They Know Why Some Men Are Polygamous, Do They Know How Women Feel?
There is no denying the fact that marriage is a tough obligation in life, particularly as it is ordained by God, and thus it is customarily compulsory. It is an onus that most people invariably saddle themselves with at some point in life. The fact cannot be exaggerated that polygamy has rendered many wives miserable, and has also given them much more than they ever bargained for in terms of physical and emotional fulfilment.
Against the foregoing backdrop, it is not surprising that since famous Nigerian actor and movie director Yul Edochie welcomed a son with his second wife, Judy Austin, as he revealed through an Instagram posts, that both the news vendors and virtual spaces have been agog with confrontational comments over his resort to become polygamous. It would be recalled that the 40-year-old actor threw his fans, colleagues and social media into a frenzy on Wednesday after sharing pictures of himself and his baby boy on his Instagram page. Given the trend of comments that has been trailing the announcement of the untoward connubial issue, it is expedient to ask, “Has there been people that have been showing concern about the psychological disposition of the wife, May Edochie. Aptly put, are people sparing a thought for the woman the same way they are subtly hailing Yul as “Agu”? Little wonder, a video he did to that effect where he boasted that he is a lion, and that he roars” is causing sensation on virtual space.
At this juncture, it is germane to say that since the disclosure that backlashes and kudos that have been trailing the Nollywood actor, no doubt, have collectively become a source of concern to most Nigerians as most celebrities are not even left out in the rancorous debate and seeming mockery even as an old post that vehemently condemned polygamy which has being credited to his father was dug out by social media trolls.
According to the post, “Marrying two women doesn’t mean you are a man, it just means you are about to suffer and breed confusion among your generations.”
Since on Wednesday when the Nollywood actor took to social media platforms to announce his new marriage, and arrival of his cute baby boy, all manners of reactions have been circulating on the media space.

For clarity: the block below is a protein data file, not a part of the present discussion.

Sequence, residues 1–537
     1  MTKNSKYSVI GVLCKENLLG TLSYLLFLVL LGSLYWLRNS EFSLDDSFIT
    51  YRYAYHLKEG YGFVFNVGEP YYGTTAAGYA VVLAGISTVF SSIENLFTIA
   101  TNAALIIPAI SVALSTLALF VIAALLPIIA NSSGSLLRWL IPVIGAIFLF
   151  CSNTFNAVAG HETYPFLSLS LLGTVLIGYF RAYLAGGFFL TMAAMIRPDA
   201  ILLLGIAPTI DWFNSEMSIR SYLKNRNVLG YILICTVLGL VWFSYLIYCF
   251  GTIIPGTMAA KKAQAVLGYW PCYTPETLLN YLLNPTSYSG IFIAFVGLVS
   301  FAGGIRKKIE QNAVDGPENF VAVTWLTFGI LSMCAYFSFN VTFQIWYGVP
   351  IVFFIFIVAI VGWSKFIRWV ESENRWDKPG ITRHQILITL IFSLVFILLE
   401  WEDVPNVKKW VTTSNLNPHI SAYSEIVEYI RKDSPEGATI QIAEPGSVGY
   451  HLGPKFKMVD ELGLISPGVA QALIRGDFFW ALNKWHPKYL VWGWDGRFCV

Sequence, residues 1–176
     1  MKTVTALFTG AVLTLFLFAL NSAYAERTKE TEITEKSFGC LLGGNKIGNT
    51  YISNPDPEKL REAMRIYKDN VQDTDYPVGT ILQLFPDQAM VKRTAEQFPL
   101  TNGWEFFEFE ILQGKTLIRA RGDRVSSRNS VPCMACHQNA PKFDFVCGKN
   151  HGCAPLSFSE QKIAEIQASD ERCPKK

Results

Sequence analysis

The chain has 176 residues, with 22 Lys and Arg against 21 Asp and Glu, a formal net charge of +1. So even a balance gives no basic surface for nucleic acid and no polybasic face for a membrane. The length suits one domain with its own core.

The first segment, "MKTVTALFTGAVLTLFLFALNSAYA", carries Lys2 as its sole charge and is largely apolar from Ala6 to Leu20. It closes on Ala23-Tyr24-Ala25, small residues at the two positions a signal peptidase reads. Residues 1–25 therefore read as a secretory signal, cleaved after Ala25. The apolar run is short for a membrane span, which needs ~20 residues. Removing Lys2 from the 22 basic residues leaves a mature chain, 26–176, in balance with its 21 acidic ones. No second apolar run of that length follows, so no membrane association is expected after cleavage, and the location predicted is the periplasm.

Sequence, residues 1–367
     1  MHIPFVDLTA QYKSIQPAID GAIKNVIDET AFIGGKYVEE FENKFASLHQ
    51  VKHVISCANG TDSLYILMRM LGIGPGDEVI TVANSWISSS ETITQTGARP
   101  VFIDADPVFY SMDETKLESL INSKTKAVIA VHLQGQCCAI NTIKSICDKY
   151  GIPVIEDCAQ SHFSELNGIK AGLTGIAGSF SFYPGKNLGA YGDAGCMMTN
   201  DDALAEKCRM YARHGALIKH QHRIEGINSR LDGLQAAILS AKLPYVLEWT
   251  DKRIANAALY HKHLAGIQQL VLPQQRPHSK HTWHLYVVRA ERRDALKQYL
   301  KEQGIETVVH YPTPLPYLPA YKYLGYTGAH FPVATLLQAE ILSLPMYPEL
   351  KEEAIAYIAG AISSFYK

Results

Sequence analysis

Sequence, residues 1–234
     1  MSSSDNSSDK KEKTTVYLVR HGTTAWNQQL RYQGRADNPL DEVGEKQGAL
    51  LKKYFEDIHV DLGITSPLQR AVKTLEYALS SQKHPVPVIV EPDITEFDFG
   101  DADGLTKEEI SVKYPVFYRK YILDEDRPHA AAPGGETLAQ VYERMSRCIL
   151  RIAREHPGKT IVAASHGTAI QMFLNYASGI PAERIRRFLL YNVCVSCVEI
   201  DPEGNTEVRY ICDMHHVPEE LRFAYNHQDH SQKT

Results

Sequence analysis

His post came as a shock to many as the thespian who got married to May Aligwe when he was 22 years old has four children with her (three sons and a daughter) has now become a polygamist.
Be that as it may, it is expedient to say in this context that while all manners of comments have been trailing his announcement that most people have failed to realized that polygamy is a phenomenon that is often associated with Nigerian people. In almost all societies that cut across the country, polygamy is an acceptable and valid form of marriage, but unfortunately the woman has always been the receiver of the short end of the stick, and nobody cares to know about that.
In fact, monogamy has been associated with people of lower social status. Proponents of polygamy have claimed that the more wives a man has, the more children he is likely to have, and the more children, the greater the chances that the family will enjoy immortality.
This is indicative of the high regard in which the tradition is held by some Nigerian (men in particular). The theological thinking of various Christian denominations is divided on the subject of polygamy.
Meanwhile, while the debate rages, it is apt to opine that an average Nigerian man is polygamous in nature, it is in their genes. I wonder why anyone is surprised about Yul’s announcement which came as a rude shock to many.
In fact, in the olden days, polygamy was a type of marriage that was commonly practiced in Nigeria and even in other other African countries, whereby men married two or more wives and were not required to take permission from anyone, as they would even hail him as polygamous as one of its advantages is that a polygamist does not need to engage in infidelity but some end up marrying more wives, particularly when they are rich from village standard which was usually measured through the size of a man’s farm.
To prove the fact that polygamy is literarily a Nigerian and that it is in the genes, it has withstood many fight to obliterate it from the society. It would be recalled that with colonization and civilization, apart from Muslims being permitted to marry up to four wives at a time, that not few men are literarily forced by religious leaders and legal considerations to stick to one wife, but hide or find excuses to cheat on their wives with numerous girlfriends, side-chicks and other concubines whenever they get tired of their wives. In fact, Nigerians that are traditionally subscribed to polygamous heritage seem oblivious of the interpretative meaning of David Rovics’ saying that “They'll say you are bad or perhaps you are mad or at least you should stay undercover. Your mind must be bare if you would dare to think you can love more than one lover.” Given the foregoing situation, let me say they know why some men are polygamous, do they know how women feel?
Sandra Ijeoma Okoye (Author)